an early start on Saturday. Linda picked huckleberries near our campsite on Friday night so that we
could have huckleberry pancakes for breakfast to start the day off.

The first part of the trail up to the Anderson Butte Lookout was already cleared as it had been used by 4-
wheelers a couple of weeks prior. The approximately four miles of the trail from the lookout down
towards the cabin were fantastic with just a few trees across the trail. Jerry, Joe, and Matt made quick
work of the clearing. However, when we were about two miles from the cabin, we encountered a
downed tree that had wiped out the trail. We decided that it was not safe for our animals to go around this obstacle, therefore, we returned to our campsite for the night.

Following our trip, Doug Olive from the Forest Service reported that he sent a crew in to repair the trail. The trail is now open all the way to the Meadow Creek cabin. On Sunday morning, Jerry and Linda Lane rode the Kirk’s Fork trail to Anderson Butte lookout. Both this trail and the Anderson Butte trail are fantastic trails with good tread and beautiful scenery. Please see pictures on our Face book page for this and other projects.

Great Burn Study Group Pack Support
June 26-28

We arrived at Kelly Creek Trailhead, set up camp and waited for the Great Burn crew to show up. We started getting worried when seven pm arrived and no crew. They had brake problems on their car and had it repaired, so they were pretty late, but made it.

We had six pack animals loaded with their gear and headed up to Hanson Meadows the next morning. After we unloaded the gear we ate lunch and waited for the boys to show up so we could help them set up the wall tent. We finally started setting it up without them. Still no boys, so we loaded up and headed back to the trailhead. The tracks on the trail showed they went past the trail to the meadow so we stretched bailing twine across the trail and hope they found their camp before dark. They were told the meadow was 2 miles above Bear Creek so I hope they turned around after a while.

We are all hoping that next year, things go a little smoother, but even if not, what a great place to be with our stock and great company. Kelly Creek drains into the North Fork of the Clearwater River, one of the prettiest drive along the river that you will ever find.

Weitas Creek Weed Spraying
June 18-25

Twin Rivers BCH have been packing into Weitas Creek, a tributary of the North Fork of the Clearwater River for the last four summers assisting the forest service North Fork RD. Spotted Knapweed and Hawkweed have been our main goal for the spraying with horseback and backpack sprayers.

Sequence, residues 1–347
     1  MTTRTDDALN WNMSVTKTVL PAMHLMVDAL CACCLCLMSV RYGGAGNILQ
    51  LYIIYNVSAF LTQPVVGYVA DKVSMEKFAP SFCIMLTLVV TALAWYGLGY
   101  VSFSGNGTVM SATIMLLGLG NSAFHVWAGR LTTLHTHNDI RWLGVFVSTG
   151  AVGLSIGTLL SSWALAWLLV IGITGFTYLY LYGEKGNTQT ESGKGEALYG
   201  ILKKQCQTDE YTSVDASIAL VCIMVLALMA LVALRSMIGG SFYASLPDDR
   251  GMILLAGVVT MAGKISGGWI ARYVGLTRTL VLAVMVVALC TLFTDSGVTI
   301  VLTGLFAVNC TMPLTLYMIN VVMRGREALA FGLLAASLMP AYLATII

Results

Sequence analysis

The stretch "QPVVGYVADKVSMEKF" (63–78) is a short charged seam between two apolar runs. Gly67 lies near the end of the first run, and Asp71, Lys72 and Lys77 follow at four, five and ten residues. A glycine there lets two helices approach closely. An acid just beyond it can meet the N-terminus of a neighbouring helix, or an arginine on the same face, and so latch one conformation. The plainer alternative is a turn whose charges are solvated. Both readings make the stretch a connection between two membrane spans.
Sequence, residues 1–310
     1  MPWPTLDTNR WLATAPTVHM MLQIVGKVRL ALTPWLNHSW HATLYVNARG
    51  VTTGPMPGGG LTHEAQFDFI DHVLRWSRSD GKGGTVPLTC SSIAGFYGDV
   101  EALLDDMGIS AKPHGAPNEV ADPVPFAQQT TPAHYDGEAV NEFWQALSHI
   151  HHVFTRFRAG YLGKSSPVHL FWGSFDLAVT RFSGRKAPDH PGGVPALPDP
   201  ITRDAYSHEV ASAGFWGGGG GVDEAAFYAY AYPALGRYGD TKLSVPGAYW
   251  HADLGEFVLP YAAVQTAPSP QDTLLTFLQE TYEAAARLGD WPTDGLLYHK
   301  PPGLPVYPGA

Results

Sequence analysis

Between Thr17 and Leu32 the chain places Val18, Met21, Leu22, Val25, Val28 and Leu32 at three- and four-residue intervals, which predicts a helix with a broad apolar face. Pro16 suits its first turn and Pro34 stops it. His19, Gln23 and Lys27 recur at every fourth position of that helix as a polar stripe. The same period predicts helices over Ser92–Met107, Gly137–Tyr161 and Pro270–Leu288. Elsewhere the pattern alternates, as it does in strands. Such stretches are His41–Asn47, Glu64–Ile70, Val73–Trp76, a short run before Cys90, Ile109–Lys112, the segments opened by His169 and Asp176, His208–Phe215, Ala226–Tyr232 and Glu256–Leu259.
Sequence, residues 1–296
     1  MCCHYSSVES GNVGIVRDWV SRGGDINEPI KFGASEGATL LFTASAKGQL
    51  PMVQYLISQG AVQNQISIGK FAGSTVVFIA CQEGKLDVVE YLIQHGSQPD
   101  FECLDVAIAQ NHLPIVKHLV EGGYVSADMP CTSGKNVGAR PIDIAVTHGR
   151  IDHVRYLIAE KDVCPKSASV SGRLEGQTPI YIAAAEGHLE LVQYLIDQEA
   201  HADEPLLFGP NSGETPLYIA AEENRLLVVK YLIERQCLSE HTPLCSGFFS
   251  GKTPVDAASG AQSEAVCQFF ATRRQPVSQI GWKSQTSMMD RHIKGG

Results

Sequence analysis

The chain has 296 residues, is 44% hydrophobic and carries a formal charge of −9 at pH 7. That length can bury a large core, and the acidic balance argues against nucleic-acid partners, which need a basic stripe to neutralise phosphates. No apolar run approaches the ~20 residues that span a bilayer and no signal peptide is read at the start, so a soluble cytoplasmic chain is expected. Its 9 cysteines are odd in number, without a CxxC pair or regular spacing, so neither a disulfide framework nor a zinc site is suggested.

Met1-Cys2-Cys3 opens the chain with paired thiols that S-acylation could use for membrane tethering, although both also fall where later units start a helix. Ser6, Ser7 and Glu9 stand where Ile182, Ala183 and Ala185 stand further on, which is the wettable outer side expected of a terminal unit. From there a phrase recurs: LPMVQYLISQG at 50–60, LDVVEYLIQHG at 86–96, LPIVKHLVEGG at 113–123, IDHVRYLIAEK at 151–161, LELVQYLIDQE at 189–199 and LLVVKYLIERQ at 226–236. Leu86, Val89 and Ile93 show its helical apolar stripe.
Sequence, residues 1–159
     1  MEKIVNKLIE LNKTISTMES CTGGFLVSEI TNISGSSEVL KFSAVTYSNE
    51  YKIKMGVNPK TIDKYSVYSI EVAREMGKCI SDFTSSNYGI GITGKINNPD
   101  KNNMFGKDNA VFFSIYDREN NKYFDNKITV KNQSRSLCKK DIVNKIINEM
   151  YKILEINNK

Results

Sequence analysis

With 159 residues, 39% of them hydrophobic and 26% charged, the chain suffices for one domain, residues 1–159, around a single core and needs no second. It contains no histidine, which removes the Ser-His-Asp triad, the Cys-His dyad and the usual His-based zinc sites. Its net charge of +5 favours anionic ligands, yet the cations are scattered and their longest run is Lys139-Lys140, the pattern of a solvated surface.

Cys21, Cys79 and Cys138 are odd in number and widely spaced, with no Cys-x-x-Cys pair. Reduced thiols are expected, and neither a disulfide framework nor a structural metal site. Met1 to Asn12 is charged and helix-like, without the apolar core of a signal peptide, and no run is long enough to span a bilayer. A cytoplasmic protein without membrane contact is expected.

The pack into the Weitas Guard Station for the first night was a little wet, as it rained right up until we headed out. The good news was the trail was cut out. The bad news, the road was not cut out, so the forest service support did not make it to the guard station the first night with all our supplies. We will never go without have our sleeping bags and some food in the future. Luckily we got into the guard station, started a fire to dry out and found a can of chili to heat up for dinner.

The next day members cleared  three miles of down trees to the pack bridge so the trail would be clear for the planned move to Windy Creek the next day. When we got back, we celebrated, as our gear arrived.

Our next unplanned event was when the fill over the culvert at Lean Creek gave out and a horse fell thru. His horses got skinned up getting around the bad culvert. Our next problem was two days of rain, so we could not do any spraying those days.

We pulled hounds tongue one day waiting for the grass to dry and then burned the weed seed over the fires as we dried out. We finally had good enough weather that we got the spraying done at Windy Creek and West Virginia Flats, two beautiful meadows with the removal of noxious weeds.

We had planned to take some day rides and fishing after the work was done, but with the minor problems we had, we had no time for that. We sure had a good time even with all the incidents. We had no problems on the sixteen mile pack out and headed up to Kelly Creek for the next pack project.